Business Insider Edition

Boris Johnson's own party no longer believes he will keep his promise to deliver Brexit by October 31

Adam Bienkov , Business Insider US
 Sep 30, 2019, 08:29 AM
Boris Johnson mugs on sale at the Conservative Party conference in Manchester, England.
Getty
  • Boris Johnson's Conservative Party are meeting for their annual conference in Manchester as Britain heads towards the Brexit deadline of October 31.
  • However, a majority of party members no longer believe the prime minister will fulfill his promise to take the UK out fo the EU by the end of October "do or die."
  • Johnson's strategy of forcing a no-deal Brexit, if necessary, looks likely to fail after opposition members of Parliament passed a law instructing him to request an extension if no deal is agreed.
  • For more stories go to www.businessinsider.co.za.

A majority of Conservative party members are no longer confident that he will fulfill his "do or die" 3promise to deliver Brexit by the end of October, a new survey has found.

Johnson won the contest to become Conservative Party leader and prime minister earlier this year on a promise to take Britain out of the EU by October 31 by any means necessary.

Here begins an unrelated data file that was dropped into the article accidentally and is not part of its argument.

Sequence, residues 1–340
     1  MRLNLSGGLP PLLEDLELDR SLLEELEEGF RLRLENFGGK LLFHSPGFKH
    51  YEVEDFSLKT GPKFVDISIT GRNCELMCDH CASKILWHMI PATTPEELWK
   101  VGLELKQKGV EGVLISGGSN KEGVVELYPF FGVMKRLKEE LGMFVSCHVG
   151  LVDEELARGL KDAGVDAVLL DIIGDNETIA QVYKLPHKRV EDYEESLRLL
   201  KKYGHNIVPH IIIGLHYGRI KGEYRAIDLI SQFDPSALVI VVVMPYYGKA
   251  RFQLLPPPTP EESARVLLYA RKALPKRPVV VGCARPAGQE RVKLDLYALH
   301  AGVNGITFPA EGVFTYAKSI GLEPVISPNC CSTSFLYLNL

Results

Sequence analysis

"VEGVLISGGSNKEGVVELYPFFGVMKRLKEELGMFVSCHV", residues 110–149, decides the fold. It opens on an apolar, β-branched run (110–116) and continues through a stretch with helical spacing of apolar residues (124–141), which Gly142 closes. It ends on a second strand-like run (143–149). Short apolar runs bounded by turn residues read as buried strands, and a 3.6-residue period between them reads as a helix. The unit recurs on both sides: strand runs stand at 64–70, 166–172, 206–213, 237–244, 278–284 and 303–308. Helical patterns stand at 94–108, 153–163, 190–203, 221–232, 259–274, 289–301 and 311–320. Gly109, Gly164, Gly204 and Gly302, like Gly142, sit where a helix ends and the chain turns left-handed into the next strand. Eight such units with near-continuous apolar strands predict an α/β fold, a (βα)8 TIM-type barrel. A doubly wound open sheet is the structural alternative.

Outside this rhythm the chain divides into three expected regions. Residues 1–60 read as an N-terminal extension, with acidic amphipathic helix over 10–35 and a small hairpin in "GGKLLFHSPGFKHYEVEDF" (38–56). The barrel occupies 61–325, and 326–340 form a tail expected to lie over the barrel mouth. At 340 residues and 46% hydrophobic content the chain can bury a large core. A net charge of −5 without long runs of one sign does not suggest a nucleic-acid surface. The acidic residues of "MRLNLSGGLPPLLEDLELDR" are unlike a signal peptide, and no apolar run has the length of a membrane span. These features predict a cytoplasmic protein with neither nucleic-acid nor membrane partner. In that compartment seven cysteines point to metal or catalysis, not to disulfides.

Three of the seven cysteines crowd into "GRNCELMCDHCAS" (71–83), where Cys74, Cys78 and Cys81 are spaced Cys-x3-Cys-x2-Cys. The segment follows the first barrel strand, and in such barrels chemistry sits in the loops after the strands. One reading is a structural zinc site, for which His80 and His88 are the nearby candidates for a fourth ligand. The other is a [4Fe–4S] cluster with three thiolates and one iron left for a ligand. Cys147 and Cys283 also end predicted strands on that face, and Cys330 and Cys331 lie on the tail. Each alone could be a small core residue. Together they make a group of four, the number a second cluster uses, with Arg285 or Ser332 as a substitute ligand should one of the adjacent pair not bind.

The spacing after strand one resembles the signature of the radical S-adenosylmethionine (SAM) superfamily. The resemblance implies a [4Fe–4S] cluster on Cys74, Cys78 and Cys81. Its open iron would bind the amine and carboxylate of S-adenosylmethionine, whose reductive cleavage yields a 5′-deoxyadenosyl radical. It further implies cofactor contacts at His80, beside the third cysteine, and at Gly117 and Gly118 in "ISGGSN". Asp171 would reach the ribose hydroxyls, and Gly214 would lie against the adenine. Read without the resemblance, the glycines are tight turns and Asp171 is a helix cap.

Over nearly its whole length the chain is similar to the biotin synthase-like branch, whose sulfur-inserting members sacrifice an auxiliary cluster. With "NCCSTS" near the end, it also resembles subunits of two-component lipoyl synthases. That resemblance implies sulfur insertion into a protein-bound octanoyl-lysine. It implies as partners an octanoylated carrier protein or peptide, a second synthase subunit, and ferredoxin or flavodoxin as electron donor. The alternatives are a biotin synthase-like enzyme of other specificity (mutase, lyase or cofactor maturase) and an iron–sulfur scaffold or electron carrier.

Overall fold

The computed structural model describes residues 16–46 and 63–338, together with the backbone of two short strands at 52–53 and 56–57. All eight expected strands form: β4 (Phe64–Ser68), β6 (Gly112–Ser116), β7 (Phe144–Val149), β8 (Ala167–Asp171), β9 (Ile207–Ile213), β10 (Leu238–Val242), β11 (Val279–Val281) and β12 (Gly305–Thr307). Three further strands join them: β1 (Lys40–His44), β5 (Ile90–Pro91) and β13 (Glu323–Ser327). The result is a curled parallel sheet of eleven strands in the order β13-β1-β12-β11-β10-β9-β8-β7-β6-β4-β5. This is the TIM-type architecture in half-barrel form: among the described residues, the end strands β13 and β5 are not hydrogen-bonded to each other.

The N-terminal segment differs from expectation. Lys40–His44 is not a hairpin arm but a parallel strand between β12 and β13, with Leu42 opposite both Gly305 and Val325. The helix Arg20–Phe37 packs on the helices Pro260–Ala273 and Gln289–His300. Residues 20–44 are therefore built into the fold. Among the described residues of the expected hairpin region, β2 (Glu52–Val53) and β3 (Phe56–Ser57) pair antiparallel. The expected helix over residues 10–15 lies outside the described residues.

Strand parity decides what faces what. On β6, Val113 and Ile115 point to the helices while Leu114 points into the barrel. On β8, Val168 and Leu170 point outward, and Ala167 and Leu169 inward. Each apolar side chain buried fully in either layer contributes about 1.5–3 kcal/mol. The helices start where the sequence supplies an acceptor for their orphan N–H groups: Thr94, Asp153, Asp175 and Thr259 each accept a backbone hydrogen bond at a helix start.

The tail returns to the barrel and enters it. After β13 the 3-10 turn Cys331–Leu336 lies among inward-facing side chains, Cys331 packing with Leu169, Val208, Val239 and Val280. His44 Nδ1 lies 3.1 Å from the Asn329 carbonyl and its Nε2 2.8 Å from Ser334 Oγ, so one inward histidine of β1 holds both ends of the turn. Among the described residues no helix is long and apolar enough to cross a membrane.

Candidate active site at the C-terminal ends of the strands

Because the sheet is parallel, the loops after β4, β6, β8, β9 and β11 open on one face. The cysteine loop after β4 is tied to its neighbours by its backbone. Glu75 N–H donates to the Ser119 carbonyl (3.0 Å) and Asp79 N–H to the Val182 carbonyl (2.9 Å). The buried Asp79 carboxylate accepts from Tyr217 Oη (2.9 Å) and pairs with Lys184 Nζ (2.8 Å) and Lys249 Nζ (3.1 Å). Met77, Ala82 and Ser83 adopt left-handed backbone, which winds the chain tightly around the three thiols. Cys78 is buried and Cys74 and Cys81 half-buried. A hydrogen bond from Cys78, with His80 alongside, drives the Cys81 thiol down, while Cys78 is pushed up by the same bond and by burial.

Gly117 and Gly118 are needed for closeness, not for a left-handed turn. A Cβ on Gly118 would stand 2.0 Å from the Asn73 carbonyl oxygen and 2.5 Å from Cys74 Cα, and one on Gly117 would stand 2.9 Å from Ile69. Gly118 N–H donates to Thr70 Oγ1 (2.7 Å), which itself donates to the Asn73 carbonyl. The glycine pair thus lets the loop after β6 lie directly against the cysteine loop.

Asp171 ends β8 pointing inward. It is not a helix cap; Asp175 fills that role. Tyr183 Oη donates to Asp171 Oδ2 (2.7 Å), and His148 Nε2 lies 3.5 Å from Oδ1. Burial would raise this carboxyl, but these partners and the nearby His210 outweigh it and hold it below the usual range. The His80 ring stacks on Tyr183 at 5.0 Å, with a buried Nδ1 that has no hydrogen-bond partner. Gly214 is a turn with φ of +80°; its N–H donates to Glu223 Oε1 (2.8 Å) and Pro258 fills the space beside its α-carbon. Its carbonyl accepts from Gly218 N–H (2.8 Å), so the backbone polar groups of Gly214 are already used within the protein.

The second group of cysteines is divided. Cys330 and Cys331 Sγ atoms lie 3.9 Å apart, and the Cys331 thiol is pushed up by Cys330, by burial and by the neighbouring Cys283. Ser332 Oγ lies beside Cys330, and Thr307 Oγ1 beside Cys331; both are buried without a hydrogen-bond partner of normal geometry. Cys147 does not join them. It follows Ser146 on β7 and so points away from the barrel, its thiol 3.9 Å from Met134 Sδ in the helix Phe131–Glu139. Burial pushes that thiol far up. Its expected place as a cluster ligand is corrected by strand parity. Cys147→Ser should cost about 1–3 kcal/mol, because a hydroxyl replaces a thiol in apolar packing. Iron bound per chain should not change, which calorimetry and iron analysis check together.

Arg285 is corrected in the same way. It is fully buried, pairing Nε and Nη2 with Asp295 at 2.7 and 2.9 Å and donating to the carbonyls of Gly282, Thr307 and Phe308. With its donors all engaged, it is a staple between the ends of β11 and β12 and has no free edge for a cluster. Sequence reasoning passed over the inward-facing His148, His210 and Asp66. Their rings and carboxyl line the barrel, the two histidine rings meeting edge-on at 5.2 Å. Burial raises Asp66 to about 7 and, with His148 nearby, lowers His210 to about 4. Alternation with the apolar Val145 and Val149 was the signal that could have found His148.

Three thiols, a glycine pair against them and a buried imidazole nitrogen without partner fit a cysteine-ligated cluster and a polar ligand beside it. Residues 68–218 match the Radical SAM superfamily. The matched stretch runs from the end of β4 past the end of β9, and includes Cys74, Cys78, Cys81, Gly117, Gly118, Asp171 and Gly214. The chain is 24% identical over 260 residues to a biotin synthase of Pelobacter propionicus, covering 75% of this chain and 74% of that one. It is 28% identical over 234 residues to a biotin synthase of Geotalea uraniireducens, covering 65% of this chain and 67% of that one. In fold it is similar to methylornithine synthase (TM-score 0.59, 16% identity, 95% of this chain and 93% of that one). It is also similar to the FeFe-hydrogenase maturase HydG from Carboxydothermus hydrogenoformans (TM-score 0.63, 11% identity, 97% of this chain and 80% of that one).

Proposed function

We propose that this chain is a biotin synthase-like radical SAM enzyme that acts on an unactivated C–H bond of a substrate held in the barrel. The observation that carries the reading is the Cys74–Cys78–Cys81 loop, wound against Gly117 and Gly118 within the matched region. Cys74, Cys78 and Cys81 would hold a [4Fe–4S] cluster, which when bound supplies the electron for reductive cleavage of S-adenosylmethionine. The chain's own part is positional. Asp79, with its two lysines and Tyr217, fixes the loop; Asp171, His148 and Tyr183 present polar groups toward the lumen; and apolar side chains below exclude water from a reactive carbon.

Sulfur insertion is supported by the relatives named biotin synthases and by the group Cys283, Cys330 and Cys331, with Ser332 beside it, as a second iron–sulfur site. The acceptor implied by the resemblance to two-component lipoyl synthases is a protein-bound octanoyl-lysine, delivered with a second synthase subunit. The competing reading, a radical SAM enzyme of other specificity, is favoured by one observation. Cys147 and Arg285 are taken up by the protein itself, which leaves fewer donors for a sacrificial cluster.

The prime minister still insists there are "no circumstances" under which he would allow another delay to Brexit and has launched his party conference in Manchester with the slogan "get Brexit done."

However, a survey of Conservative party members published by the Conservative Home website on Sunday finds that confidence among Johnson's supporters has slumped in the past month, with only a minority of party members now believing he will keep his promise.

Less than half (47%) of Conservative Party members now believe he will fulfil his pledge, down from 78% in August.

Around a third (32%) now believe he will be unsuccessful with an additional 20% now unsure.

The collapse in confidence among members comes after Johnson's strategy to force a general election before taking Britain out of the EU at the end of October appeared to fall apart.

Opposition MPs earlier this month passed a law instructing Johnson to request a delay to Brexit if no deal has been secured by October 19.

Subsequent votes on holding an election before the Brexit deadline were also lost by Johnson's government, meaning the prime minister is likely to have little choice but request an extension, unless he can secure a new deal within the next few weeks.

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